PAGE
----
# Handling timer overflow and compare interrupts in ATMega328 (Arduino)

I'm trying to simulate PMW mode on multiple pins in software by controlling a Timer2.

I'm using maximum prescaler value to get approximately 60 pulses per second when timer counts to its maximum value. Value of OCR2A is used to trigger the actual moment within full timer cycle. Overflow interrupt is used to set the LED (PIN13) on and compare interrupt is used to reset LED off.

When I run it, I see that LED blinks but very dimly and its brightness is not affected by CUT_OFF value. If I disable LED off in compare interrupt and just toggle LED in overflow I see it blinks at a reasonable rate which match the final report printed to serial port (number of interrupts in 5 sec). Final report also shows that both interrupts are being called correct number of times.

Here's the code that I use:

#include <avr/io.h>
#include <avr/interrupt.h>

#define LED_PORT (13)

#define CUT_OFF (100)

volatile unsigned long time1 = 0;
volatile unsigned long time2 = 0;

ISR(TIMER2_OVF_vect) {
PORTB |= 0x20;
time1++;
}

ISR(TIMER2_COMPA_vect) {
PORTB &= ~0x20;
time2+=2;
}

void startTimer() {
cli();
// enable timer interrupt overflow + reg a
TIMSK2 = _BV(OCIE2A) | _BV(TOIE2);
// counter
TCNT2  = 0x00;
// cut off value
OCR2A  = CUT_OFF;
// mode - normal + prescaler 1024
TCCR2A = 0x00;
TCCR2B = _BV(CS22) | _BV(CS21) | _BV(CS20);
// async mode off
ASSR  &= ~(_BV(AS2) | _BV(EXCLK));
sei();
}

void stopTimer() {
cli();
// disable interrupts
TIMSK2 = 0x00;
// mode (disconnect clock source)
TCCR2A = 0x00;
TCCR2B = 0x00;
// async mode off
ASSR  &= ~((1<<AS2) | (1<<EXCLK));
sei();
}

for(uint8_t i=0;i<times;i++) {
digitalWrite(LED_PORT, HIGH);
delay(500);
digitalWrite(LED_PORT, LOW);
delay(500);
}
}

void setup() {
pinMode(LED_PORT, OUTPUT);
Serial.begin(9600);
}

unsigned long iterations = 0;

#define MAX_ITERATIONS (1000000)

void loop() {
startTimer();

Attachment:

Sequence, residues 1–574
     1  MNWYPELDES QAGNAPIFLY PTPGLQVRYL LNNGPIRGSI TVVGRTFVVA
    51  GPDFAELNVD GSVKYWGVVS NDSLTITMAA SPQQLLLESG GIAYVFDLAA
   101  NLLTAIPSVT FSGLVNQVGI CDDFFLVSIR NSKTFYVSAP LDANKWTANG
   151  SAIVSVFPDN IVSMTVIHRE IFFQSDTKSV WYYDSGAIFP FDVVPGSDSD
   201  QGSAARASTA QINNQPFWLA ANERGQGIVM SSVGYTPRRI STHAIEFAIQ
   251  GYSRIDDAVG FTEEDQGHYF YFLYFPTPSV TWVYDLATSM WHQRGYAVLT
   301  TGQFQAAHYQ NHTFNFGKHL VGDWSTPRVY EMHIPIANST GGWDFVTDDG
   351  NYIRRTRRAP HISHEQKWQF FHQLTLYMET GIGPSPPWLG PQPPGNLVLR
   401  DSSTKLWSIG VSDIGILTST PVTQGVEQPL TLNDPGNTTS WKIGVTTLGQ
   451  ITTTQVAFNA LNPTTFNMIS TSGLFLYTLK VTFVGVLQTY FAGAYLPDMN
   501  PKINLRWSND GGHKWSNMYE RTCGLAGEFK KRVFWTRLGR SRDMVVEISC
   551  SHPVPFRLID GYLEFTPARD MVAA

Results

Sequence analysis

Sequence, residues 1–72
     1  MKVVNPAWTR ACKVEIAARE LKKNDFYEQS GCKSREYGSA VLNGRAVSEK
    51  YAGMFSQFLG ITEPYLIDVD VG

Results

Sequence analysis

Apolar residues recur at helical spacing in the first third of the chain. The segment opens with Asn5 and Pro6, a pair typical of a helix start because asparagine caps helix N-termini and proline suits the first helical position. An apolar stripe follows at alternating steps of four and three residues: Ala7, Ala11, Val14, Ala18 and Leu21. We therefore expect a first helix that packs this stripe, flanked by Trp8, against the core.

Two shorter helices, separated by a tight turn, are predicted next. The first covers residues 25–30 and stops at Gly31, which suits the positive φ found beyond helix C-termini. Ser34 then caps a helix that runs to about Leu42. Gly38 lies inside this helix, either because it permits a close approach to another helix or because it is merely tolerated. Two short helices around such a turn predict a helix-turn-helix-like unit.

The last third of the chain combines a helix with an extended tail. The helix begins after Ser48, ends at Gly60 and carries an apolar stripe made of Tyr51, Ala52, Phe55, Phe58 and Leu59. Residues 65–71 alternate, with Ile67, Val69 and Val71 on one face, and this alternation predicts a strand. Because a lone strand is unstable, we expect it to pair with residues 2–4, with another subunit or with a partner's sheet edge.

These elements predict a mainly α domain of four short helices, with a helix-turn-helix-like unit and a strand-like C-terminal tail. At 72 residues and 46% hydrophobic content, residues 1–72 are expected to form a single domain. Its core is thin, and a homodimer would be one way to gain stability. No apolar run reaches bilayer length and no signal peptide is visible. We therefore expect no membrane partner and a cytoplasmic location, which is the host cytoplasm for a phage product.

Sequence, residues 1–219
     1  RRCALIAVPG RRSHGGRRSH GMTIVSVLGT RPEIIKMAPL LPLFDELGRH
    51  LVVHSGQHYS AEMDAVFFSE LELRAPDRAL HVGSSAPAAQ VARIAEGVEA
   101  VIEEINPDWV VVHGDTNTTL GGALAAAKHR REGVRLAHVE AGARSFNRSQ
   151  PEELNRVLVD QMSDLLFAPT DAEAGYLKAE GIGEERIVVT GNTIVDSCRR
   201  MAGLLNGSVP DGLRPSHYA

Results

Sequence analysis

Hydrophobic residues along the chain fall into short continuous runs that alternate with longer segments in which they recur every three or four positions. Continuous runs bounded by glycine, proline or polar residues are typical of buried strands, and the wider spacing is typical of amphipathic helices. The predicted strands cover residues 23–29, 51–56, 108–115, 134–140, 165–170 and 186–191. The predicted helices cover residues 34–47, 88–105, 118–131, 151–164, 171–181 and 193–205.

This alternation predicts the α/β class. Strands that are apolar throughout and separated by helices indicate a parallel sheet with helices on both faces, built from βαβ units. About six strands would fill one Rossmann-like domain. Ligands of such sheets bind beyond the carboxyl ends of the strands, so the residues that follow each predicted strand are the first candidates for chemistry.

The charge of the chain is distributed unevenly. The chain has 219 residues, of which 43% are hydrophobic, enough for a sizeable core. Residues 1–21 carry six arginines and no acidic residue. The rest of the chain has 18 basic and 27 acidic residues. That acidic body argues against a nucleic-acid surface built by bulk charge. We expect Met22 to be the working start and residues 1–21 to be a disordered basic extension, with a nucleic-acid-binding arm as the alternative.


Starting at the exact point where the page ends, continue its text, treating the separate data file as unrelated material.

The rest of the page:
delay(5000);
stopTimer();

Serial.println("Iterations finished!");
Serial.print("Timer1=");
Serial.println(time1);
Serial.print("Timer2=");
Serial.println(time2);

while(1);
}


Is there something wrong with my understanding of when interrupts are called:

• COM2A - when we reach CUT_OFF value
• OVF when counter reaches 255 and flips to 0

or there's a problem with setting up timer/or handling interrupts?

Update: Could the problem be in digitalWrite() usage in interrupts? Update2: Changing digitalWrite to direct PORTB bit manipulation produces single flash probably on initial interrupt and subsequent very dim LED so it is not the only problem.

P.S. blinking LED is just a test so using built in PWM is not an option.

• Have you read Atmel's app note on AVR timers? atmel.com/dyn/resources/prod_documents/doc2505.pdf – Toby Jaffey Aug 22 '11 at 21:49
• @JobyTaffey I've read aforementioned note, but still can't find the explanation to the behaviour I see. Both interrupts are called, interrupt period doesn't depend on compare output value, but timing between interrupts is incorrect. – aliher Aug 23 '11 at 21:05

I am not fully sure as to why, but using fast pwm mode instead of normal mode seems to fix this problem.

Use the same code, but replacing

TCCR2A = 0x00;


with

TCCR2A = _BV(WGM20)|_BV(WGM21);


I would also ask why you seem to be clearing asynchronous mode both upon entering and leaving pwm mode, but it does not seem to affect anything.

• PWM mode description explicitly state usage of 2 interrupts to track moments when next period starts and when output value should be flipped. But it switches OCRxn to double buffered mode and you can only change it at the end of cycle. What I wanted to do is catch few irregular moments within one period by reloading compare register and resetting handler after each cycle. So it rules out PWM mode completely for me. Looks like I'll fall back to compare interrupt and register reloading but forget about overflow interrupt and just load TOP value once all intermediate steps are filtered. – aliher Aug 31 '11 at 13:09
• @Brog, no one took the chance to make some rep for explaining why that fixes it, so as the first one to answer, here is some rep. – Kortuk Oct 1 '11 at 11:44
• @Brog, I was clearing async mode on entering pwm just to make sure it is set to something sensible, because it is not easy to figure out in which state arduino libs can leave them. In the end looked on servo libs and they seem to manually reload register multiple times within a cycle ignoring the overflow interrupt as I planned to do. Looks like they didn't manage to work with overflow as well. – aliher Oct 3 '11 at 17:26